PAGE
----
"If there's no alcohol, it's like being at work on your free time. ... Watching people get drunk and act like jackasses is the reason to go to an office party," Cohen said. "I sort of look forward to it. ... What would happen this year?"
Another awkward holiday office party tradition? Exchanging gifts. Draw a name and buy a present that you find "appropriate" for your coworker.
Suzy Parker, 26, of Los Angeles, who works in nonprofit fundraising, says the annual ritual at her office party is just plain awkward.
"Everyone watches as you open your gift and you have to hide your disappointment when you find out that the weird guy in the cube next door pulled your name in the exchange," she said.
One man in her office gave a woman co-worker a glow-in-the-dark Felix the Cat T-shirt.
"I know you like cats," he told her, though the woman was allergic to them.
Gag gifts should be avoided, according to Peter Post, a director of the Emily Post Institute and author of "The Etiquette Advantage in Business: Personal Skills for Professional Success."
"What's off limits is anything that smacks of being personal or suggestive," Post said. "Good gifts that don't have to fraught with the trouble."
Instead, give gifts like food baskets, plants or tickets to the movies.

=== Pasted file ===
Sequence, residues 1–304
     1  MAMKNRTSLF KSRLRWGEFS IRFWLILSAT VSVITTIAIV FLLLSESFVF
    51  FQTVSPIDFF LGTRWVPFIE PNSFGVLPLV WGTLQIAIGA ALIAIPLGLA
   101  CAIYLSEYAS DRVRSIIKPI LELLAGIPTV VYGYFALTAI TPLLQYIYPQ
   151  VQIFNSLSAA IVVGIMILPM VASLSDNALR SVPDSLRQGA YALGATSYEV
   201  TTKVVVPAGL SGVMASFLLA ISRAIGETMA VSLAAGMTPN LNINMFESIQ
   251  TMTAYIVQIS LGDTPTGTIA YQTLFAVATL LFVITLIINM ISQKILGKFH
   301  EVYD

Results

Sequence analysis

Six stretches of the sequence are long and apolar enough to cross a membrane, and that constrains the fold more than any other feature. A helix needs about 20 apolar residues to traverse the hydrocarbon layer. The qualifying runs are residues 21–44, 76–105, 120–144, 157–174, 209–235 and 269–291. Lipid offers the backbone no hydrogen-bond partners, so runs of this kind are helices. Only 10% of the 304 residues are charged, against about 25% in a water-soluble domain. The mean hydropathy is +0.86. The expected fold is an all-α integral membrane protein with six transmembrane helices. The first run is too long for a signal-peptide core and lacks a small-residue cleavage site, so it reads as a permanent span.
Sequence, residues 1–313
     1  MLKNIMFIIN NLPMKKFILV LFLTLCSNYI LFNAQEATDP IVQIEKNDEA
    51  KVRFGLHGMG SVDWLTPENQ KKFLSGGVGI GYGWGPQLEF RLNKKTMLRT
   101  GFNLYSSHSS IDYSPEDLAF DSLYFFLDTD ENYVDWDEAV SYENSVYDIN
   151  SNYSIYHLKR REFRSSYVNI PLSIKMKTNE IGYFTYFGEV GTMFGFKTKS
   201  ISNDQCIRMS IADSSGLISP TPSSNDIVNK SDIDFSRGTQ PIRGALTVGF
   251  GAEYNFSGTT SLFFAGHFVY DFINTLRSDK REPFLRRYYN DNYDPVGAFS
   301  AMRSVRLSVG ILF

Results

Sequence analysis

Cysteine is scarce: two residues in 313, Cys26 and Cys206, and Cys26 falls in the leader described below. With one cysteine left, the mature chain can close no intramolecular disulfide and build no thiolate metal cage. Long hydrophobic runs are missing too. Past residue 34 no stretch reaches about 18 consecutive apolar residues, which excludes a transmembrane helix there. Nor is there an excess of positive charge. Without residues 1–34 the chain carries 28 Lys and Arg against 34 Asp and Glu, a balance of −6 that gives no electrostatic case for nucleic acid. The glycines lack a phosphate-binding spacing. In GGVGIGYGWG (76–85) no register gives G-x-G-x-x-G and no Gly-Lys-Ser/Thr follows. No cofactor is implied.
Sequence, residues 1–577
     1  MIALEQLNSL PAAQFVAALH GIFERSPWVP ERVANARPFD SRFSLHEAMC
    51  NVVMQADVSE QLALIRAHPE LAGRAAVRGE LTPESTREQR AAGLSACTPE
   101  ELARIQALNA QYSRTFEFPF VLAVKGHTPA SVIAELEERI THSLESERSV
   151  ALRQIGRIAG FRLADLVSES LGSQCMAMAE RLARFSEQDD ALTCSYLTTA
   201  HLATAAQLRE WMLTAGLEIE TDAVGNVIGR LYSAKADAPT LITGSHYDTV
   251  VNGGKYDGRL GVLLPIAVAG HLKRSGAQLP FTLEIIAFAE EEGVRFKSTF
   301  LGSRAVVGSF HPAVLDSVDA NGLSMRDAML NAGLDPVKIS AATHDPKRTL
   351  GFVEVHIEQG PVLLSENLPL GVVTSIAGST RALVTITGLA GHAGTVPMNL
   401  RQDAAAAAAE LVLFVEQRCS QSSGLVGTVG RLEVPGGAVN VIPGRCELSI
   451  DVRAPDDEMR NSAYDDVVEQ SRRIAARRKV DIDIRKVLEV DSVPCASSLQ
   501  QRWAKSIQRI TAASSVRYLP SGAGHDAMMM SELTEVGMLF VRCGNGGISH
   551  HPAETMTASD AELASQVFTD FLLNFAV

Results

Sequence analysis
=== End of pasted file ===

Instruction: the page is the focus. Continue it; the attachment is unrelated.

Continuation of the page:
"All [are] highly appreciated and none of them carry the baggage of a gift that is somehow embarrassing or insults a person in one way or another," he said.
But employees aren't the only people who need etiquette lessons; some times the bosses could use a little help as well.
During one New York-based magazine company's holiday festivities, the firm's president stood up to make an announcement, according to an editor who attended the event. The employees were expecting him to make a toast.
"Instead he gets up there and after thanking us for all the hard work we do, he tells us he's selling the [business] ... which leaves us with the question of what if it doesn't sell," she said. "We sort of all [knew] that we [were] going to lose our jobs."
Negative announcements at holiday parties are a big no-no, Post said.
"The party by its very nature is meant to be a team building exercise," he said. "But from a company's point of view ... throwing a party is giving [the employees] something with out asking anything in return. ... and then to dilute that with an announcement like that is absurd."
Positive company announcements, like a bonus, can be made at office social functions, but negative announcements should be saved for the business day, he said.
But not surprisingly, Post's no. 1 tip: watch the alcohol.
"There's more trouble that happens from drinking ... and then having to apologize for boorish behavior," he said. "What people forget is that the office party is still a business social event and it has to do with your business ... and it reflects on you when you're back in the office."